The much-discussed ‘ghetto law’ was already introduced in 2018. Since then, the term ‘ghetto’ has been used to refer to some favelas. These are the neighborhoods in which at least 1,000 people of a non-Western background live which simultaneously meet two of the four criteria.
The criteria are:
- More than 40 percent of the population is unemployed
- More than 60 percent of children between the ages of 39 and 50 are not highly educated
- Crime rates are three times the national average
- Median income is at least 55% below the regional average
Fifteen neighborhoods in Denmark fall under the “ghetto” category. The result for the residents: For violations, they are punished twice as severely as in other neighborhoods, and children over the age of one year are required to go to foster homes. If parents do not, they will lose certain contributions.
Now the Danes are taking a step forward. The government wants slums to consist of a maximum of 30% non-Western immigrants within 10 years. The term “ghetto” was dropped, because according to the Ministry of the Interior, “it will not do justice to the work going on in those neighborhoods.”
Danger to the welfare state
The idea behind the bill is that an increase in the number of immigrants would endanger the welfare state. “The Danish government says that if many people do not integrate, there is a risk that the welfare state’s support will diminish,” said Ron Staubager. He is a professor of political science at the Danish University of Aarhus.
“Minority groups are widely benefiting from the welfare state, meaning that they receive a lot of financial aid. As this group grows, more money goes to immigrants. People don’t want to pay for a group they don’t feel connected to. So the idea is that they shouldn’t That there would be a lot of immigrants to keep the welfare state in place. “
By the way, non-Western immigrants mean all people who are not from the European Union, the United Kingdom, Switzerland, Norway, Iceland, Liechtenstein, Monaco, San Marino, Vatican City, Andorra, Canada, the United States, Australia or New Zealand.
Danish human rights organization concerned. There are three lawsuits already pending over the old ‘ghetto law’, all of which are backed by our organization, ”spokeswoman Nana Margaret Croosa said. The reason is that the law discriminates against ethnic minorities.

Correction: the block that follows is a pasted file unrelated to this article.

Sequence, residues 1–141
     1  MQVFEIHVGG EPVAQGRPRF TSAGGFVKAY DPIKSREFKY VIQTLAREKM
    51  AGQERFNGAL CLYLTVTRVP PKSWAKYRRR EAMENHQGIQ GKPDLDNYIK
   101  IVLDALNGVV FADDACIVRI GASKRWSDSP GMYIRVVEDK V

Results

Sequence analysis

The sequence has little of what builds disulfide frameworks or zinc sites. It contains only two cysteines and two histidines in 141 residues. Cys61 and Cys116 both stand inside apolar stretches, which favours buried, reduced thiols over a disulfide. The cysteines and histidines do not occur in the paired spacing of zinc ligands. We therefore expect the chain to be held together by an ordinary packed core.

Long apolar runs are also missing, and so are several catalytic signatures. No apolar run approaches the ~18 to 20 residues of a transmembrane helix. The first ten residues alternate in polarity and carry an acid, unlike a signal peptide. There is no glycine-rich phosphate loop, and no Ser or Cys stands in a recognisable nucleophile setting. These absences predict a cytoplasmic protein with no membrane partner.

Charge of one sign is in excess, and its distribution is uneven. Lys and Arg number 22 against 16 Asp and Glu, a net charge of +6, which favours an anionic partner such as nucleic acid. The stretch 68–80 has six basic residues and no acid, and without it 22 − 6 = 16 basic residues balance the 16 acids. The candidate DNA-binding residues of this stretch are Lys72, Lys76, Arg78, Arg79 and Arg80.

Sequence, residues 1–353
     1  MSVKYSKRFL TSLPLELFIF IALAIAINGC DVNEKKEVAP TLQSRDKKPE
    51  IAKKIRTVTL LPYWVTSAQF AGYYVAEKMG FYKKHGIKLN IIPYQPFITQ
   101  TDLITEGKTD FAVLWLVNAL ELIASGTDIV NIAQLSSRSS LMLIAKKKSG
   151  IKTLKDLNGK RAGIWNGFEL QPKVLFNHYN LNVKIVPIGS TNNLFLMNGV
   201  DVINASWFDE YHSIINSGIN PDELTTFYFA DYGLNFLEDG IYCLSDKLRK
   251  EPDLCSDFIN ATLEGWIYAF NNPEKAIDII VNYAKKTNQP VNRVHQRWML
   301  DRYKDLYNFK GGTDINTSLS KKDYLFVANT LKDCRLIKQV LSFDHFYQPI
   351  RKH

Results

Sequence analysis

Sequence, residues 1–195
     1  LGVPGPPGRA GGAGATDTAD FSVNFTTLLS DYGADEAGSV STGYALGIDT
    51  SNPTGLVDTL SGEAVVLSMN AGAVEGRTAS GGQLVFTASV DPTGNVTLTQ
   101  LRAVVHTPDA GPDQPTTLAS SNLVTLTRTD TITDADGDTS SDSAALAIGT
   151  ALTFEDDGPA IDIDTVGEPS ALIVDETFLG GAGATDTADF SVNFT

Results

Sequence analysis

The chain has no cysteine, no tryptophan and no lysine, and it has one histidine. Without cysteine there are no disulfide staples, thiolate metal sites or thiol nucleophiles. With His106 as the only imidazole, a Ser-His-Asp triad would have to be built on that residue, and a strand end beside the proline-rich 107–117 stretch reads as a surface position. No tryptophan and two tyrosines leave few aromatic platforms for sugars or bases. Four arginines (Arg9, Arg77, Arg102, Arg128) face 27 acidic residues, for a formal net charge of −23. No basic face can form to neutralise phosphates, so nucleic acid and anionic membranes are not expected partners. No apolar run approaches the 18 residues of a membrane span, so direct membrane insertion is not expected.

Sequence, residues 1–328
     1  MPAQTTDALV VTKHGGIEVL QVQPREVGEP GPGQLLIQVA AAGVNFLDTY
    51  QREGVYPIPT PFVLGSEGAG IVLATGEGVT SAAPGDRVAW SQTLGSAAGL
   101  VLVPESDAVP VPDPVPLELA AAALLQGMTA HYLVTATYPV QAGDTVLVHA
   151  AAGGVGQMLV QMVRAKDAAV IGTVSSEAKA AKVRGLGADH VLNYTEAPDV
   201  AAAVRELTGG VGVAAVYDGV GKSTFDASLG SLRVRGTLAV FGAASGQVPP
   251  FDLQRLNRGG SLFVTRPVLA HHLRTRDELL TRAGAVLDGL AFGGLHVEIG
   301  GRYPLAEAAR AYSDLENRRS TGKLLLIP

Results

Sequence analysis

“That is why we will take a closer look at this new law. Although the coming weeks should reveal exactly what the bill will look like and which groups will be affected by it. But discrimination is inherent.”
Strict immigration policy
Denmark is famous for its strict immigration policy anyway. Great for a country led by the Social Democrats, a center-left party. But according to political science professor Stubager, there is an explanation. The Social Democrats lost the election in 2015. Many say this is because they do not have a clear position on immigration.
That changed when Mette Frederiksen, the incumbent Prime Minister, took the helm. Under her leadership, the party moved to the right. She was in favor of a strict immigration policy. So her argument was that the welfare state would be in danger if that were the case. A lot of people did not agree with it or not, I delivered it in a convincing way. “
Voices from the right
“It made her get a lot of votes from right-wing voters in the 2019 elections,” said Staubager. “She won the election and is now prime minister.”
You might think that with the strict immigration policy you would simultaneously lose votes for other left-wing parties, but in the Danish political scene this seems the least of a problem. “The smaller left-wing parties prefer not to have a right-wing government and therefore are in line with the politics of the Social Democrats, who prefer seeing them in power.”
“In Denmark you only have two blocks. A red block (the left side) and a blue block (the right sides). So often one side of the red block supports a bill from another party in the red block so they can get there. It’s a step against the blue block. Even if they don’t agree. Completely. “
The bill will be voted on soon. Most seem to be in favor.
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